I will stick with the fins. Didnít realize it could take so long. Can you really stroke your arms when using fins? It seems like even with a poor kick the fins make you go so fast that working the arms seem silly.
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  #4  
Old 10-06-2015
michaelmarshall5030
 
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Actually this sounds so familiar. I posted something a few weeks back related to this; but for me it was more of a buoyancy problem, not a kicking problem. I used fins to try to fix the issue, but in the end they became a crutch.

I am not a coach, nor claim to be an expert at swimming, but I have received so much great advice from Coach Stuart that might be helpful to you. Have you tried doing the Superman Glide? I mean doing it over and over, over and over, over and over; having someone watch you as you do it, providing feedback until you can remain level in the water, where it becomes first nature. Coach Start suggested that I incorporate the Superman Glide into my regiment, even using a swimmer's snorkel to not worry about anything but acquiring the skill of being level and on the surface. Discovering TI has taught me to start with the fundamental basics of body mechanics, "mastering" one thing at a time before trying to achieve my final goal of swimming perfectly. Just throwing this out there...

Last edited by michaelmarshall5030 : 10-06-2015 at 01:12 PM. Reason: Punctuation error
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  #5  
Old 10-07-2015
jenson1a jenson1a is offline
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Join Date: Feb 2010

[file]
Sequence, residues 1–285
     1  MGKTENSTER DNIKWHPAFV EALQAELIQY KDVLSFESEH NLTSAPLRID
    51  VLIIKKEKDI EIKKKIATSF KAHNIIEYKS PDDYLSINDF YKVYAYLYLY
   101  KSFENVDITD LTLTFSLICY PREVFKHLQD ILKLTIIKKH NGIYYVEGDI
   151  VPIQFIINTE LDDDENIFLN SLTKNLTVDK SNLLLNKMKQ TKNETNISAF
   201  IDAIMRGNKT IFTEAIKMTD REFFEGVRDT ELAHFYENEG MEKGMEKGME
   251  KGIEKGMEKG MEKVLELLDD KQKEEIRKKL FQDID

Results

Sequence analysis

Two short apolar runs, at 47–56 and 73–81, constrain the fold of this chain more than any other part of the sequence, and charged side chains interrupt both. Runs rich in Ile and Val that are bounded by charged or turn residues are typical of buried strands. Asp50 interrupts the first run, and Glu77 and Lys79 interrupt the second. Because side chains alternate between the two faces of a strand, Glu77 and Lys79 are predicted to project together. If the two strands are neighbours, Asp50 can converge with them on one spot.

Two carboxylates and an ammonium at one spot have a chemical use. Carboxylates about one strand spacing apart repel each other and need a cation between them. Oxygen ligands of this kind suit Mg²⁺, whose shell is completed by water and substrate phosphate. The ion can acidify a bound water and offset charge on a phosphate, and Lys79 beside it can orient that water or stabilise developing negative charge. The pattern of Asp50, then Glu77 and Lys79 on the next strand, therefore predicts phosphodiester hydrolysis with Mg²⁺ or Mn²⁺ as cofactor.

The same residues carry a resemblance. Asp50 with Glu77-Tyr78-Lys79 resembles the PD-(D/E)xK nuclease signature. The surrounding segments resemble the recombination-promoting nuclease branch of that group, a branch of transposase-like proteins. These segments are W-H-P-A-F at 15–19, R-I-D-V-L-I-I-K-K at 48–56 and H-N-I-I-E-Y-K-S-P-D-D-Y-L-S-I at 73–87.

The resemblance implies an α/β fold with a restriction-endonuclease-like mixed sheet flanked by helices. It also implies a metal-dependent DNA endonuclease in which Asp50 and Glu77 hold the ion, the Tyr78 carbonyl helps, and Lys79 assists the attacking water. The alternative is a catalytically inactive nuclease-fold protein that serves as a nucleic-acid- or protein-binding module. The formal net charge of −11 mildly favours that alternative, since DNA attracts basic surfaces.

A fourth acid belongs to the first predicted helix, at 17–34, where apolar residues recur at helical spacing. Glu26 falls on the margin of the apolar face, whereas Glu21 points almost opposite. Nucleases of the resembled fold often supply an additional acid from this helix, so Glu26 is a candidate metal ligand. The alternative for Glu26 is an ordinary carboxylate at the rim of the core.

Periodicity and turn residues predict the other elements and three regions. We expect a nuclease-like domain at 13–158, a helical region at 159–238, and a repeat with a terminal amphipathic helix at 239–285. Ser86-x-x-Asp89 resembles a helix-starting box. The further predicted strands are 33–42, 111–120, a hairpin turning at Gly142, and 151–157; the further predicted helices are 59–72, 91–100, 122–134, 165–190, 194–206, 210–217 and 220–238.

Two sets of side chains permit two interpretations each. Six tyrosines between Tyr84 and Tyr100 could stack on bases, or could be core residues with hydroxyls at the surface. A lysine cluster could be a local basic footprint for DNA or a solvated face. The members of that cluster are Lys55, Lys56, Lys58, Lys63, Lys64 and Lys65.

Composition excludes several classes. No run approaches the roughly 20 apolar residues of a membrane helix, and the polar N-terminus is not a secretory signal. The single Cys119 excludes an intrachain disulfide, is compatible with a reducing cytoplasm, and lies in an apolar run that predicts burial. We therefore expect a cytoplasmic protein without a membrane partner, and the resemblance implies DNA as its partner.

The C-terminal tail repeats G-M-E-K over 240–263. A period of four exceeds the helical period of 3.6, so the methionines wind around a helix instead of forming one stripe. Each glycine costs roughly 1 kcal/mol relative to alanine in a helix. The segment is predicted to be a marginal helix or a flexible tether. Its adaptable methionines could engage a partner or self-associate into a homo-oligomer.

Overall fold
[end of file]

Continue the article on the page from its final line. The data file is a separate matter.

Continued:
Location: Southwest Florida
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jenson1a
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Ron

Don't understand your statement:

When you kick your toes should be pointed down. This is 90 degrees different than how you point them to walk. I suspect you have "walk pointing" while trying to swim.

I thought the toes s/b pointed back when kicking. If they point down, doesn't that create drag? When your friend started using zoomers, you said this:

With the zoomers on his toes were pointed back. Not quite straight back, but more back than down. When the zoomers came off he would: 1) Kick too fast 2) Point his toes more down than back.

Is having the toes pointed back a good thing or bad thing?

Sherry
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  #6  
Old 10-07-2015
Ron Bear Ron Bear is offline
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Join Date: Aug 2013
Posts: 76
Ron Bear
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Yes I noticed that mistake when I re-read what I wrote. You see, I wrote that sitting at my desk and when I first wrote "down" I literally pointed my toes and since I was sitting, they went from pointing forward to pointing down and that is what I wrote. As I got into my explanation I started thinking of a swimming position where un-pointed is down and pointed is back and that is what I wrote. I screwed up. Sorry it was confusing.

Ron